I read this short story in an old Science Fiction anthology I checked out from a library. It's bugging me that I can't seem to recall the author or title.
The story is narrated by a Native American person, possibly a wise-man or shaman of some sort, as if relating the story to someone, with the occasional excerpt from Shakespeare's diary.
The plot was that Shakespeare, back when he was a no-name playwright, had ended up stowing away on a ship bound to America. Somehow he ends up with the natives, where he manages to communicate his name by shaking a spear. He manages to teach the natives English, where the narrator remarks something to the effect of how it's weird that English isn't tonal. The narrator also expresses a superstitious aversion to having his name written down, and has a dismissive attitude towards the concept of writing things down at all.
Despite this attitude, Shakespeare manages to write and produce Hamlet. To his chagrin he ends up having to recruit women to act the female parts. When the play premiers, the natives regard this play as a comedy.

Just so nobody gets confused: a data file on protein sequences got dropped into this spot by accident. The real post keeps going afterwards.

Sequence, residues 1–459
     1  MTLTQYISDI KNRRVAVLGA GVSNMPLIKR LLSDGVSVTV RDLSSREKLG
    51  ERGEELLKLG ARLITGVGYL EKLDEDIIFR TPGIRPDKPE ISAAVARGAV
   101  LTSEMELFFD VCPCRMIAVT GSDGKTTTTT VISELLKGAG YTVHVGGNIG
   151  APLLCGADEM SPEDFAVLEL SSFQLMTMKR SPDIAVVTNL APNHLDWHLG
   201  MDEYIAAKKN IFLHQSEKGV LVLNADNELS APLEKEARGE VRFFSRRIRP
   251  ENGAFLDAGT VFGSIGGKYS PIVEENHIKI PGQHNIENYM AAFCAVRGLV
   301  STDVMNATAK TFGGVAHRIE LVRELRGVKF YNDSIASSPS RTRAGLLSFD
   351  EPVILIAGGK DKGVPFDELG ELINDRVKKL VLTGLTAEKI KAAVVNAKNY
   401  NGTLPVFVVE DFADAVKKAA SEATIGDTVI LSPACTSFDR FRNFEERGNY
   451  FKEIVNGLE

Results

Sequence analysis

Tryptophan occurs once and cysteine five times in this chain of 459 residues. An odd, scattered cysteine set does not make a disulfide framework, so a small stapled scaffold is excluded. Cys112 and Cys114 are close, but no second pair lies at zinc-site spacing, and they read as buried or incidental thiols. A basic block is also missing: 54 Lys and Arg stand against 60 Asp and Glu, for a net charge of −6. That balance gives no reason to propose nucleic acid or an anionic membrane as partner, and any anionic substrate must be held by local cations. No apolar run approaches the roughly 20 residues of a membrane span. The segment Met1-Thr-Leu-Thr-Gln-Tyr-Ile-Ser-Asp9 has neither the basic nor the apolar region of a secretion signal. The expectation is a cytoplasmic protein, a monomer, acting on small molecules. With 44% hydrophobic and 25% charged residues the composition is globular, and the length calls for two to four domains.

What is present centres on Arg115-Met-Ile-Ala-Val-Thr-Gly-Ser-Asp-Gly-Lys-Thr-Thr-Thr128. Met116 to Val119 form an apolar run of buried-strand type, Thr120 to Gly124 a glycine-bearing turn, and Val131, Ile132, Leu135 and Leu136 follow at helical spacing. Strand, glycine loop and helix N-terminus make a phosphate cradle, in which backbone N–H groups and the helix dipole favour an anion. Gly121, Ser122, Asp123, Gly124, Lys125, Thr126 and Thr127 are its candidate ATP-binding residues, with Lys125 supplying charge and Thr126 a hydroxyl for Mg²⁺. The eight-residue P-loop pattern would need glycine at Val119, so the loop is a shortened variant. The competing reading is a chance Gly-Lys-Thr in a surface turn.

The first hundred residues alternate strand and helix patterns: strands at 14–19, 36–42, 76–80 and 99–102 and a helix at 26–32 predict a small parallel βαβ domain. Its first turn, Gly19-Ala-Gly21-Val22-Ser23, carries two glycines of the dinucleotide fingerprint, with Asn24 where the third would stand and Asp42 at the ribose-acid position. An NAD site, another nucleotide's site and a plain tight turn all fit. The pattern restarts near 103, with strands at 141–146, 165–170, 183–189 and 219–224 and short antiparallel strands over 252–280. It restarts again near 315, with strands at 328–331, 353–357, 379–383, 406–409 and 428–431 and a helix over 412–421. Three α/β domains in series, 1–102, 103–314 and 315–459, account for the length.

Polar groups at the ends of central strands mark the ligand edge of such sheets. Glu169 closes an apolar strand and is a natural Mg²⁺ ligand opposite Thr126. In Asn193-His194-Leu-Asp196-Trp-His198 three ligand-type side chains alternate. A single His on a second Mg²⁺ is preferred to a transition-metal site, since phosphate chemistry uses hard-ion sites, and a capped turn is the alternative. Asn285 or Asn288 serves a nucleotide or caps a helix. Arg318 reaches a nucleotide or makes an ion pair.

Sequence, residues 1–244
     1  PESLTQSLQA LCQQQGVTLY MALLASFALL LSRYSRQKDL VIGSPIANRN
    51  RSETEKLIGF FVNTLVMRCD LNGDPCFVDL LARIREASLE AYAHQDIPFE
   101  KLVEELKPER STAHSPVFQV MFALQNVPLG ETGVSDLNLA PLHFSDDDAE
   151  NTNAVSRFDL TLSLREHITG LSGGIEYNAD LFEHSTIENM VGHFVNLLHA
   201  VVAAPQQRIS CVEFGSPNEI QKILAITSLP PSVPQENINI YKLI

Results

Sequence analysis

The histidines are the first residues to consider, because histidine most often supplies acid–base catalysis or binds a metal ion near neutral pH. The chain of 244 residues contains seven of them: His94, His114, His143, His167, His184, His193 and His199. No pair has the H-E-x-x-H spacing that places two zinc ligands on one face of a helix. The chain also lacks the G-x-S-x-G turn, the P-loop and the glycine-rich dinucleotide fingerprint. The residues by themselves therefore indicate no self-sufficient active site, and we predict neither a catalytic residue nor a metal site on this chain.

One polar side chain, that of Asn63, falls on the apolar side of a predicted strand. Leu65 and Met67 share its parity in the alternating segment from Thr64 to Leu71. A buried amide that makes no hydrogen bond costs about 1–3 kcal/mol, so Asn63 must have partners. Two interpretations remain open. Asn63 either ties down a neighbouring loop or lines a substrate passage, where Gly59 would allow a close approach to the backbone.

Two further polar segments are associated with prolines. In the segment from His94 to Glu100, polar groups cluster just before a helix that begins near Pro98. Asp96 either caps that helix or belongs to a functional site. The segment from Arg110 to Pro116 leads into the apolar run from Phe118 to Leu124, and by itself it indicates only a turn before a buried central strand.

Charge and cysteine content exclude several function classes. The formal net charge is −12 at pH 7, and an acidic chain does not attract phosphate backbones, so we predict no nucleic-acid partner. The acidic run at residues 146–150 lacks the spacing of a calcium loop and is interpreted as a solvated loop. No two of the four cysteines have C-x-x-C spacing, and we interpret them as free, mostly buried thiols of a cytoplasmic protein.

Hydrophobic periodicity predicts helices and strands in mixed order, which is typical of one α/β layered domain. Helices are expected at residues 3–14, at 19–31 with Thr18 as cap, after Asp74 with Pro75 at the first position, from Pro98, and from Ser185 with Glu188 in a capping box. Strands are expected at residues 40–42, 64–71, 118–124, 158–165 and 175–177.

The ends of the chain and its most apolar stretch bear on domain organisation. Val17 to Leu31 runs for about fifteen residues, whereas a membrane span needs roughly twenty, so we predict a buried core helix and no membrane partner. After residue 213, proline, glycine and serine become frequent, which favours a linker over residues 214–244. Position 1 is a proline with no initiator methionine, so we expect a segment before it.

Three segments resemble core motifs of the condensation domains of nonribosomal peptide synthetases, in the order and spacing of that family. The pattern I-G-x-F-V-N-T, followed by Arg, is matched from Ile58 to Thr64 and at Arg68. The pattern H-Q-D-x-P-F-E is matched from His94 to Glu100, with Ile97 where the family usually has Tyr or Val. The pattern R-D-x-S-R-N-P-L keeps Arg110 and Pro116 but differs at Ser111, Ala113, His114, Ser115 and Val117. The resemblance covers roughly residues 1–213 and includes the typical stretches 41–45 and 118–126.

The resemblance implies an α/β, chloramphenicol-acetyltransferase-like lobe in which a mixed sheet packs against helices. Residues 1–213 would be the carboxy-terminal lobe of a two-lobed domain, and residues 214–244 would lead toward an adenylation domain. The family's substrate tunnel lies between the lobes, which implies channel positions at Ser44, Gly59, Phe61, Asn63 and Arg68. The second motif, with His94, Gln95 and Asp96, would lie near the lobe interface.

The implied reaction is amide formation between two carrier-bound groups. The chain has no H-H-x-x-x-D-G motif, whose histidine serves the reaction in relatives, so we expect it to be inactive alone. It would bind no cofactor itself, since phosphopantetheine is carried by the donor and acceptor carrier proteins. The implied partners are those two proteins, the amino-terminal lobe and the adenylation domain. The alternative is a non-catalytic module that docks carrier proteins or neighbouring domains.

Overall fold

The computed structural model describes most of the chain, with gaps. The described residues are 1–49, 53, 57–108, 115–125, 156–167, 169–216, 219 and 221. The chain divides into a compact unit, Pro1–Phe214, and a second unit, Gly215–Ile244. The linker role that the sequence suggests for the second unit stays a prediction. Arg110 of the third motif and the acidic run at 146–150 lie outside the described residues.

I remember there was an author's afterword about the historical basis for this, ending with a comment addressed to people who think Shakespeare's plays were written by (I believe the wording was) "the Earl of Stratford, Queen Elizabeth or Elvis Presley": "Hah, hah and once again hah!"
I think the anthology also contained the story "Even the Queen", where medicine has learned how to stop the menstrual cycle, and there's a movement called "cyclists" that feel this is a tool of patriarchal oppression. Then there was "Wang's Carpets", where the titular otherwise uninteresting sea creatures turn out to be molecular computers simulating life in multi-dimensional frequency space. Yet another possibly included story had people sending out clones of themselves to explore the galaxy so they could absorb the clones' memories in a sort of tourism-by-proxy setup.